The two clinical trials that led the F.D.A. to approve aducanumab achieved the same indirect goal: showing the drug’s ability to reduce plaques that accumulate in the brain. But the initial data on slowing patients’ cognitive decline was so poor that, in 2019, the company halted the studies. It was only after researchers from Biogen, in consultation with the F.D.A., reëxamined the data later in the year, and included more than three hundred additional participants who completed the studies after the initial data was evaluated, that they noticed something they regarded as promising. In one of the two studies, the drug seemed to slow cognitive decline in a number of early-stage patients who were treated with a high dose of the drug. The difference between the effect of aducanumab and the placebo was a fraction of a point, on an eighteen-point scale. The second study found that the drug offered no benefit.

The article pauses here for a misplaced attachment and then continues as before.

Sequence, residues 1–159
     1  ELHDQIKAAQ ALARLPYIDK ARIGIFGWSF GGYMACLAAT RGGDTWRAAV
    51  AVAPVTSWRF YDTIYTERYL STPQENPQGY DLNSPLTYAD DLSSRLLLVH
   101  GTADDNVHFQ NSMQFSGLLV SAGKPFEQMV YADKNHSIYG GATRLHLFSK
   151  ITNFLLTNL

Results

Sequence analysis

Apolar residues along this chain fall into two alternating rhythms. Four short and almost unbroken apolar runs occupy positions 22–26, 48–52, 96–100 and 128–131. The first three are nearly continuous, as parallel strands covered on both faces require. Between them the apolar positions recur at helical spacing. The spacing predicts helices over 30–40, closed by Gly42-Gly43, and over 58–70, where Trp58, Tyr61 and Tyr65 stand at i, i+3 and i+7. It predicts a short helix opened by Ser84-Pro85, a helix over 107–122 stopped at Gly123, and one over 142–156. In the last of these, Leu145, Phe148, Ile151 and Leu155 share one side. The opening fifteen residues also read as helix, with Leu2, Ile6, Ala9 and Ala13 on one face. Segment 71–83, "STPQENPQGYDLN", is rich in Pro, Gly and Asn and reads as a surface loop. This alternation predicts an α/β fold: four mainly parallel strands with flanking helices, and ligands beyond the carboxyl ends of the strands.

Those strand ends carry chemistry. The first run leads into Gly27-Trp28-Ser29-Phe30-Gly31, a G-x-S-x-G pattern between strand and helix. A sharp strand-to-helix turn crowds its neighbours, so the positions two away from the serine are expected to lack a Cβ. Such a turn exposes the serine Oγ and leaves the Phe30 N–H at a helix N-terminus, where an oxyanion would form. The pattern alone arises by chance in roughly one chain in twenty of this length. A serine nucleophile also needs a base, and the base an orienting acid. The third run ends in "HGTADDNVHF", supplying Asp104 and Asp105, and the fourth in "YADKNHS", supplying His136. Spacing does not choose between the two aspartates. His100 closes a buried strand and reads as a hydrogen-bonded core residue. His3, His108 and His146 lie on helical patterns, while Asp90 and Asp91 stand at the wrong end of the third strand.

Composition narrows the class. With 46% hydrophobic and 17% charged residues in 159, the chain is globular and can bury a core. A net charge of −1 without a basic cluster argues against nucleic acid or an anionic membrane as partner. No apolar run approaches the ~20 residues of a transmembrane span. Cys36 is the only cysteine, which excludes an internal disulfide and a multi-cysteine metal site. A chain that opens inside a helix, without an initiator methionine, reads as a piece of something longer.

Nonetheless, instead of evaluating this medicine solely on whether it affects cognition, the F.D.A. granted conditional approval based on aducanumab’s ability to reduce those amyloid plaques. It’s not unusual for the F.D.A. to grant early access to drugs that seem to work on surrogate markers, like the plaques or blood levels, rather than on the direct improvement of a patient. The agency has granted what is generally known as accelerated approval to more than two hundred drugs since 1992. Most are for rare diseases, which affect few patients, or, as is the case with Alzheimer’s, those for which there is no other available treatment. The agency requires that pharmaceutical companies conduct additional clinical trials to prove that the treatment works. For a drug like aducanumab, such a study will take years—and it will remain on the market throughout that study. Since previous clinical trials that linked reducing plaques to improved brain function have uniformly failed, experts were seeking a more promising result. They did not find it.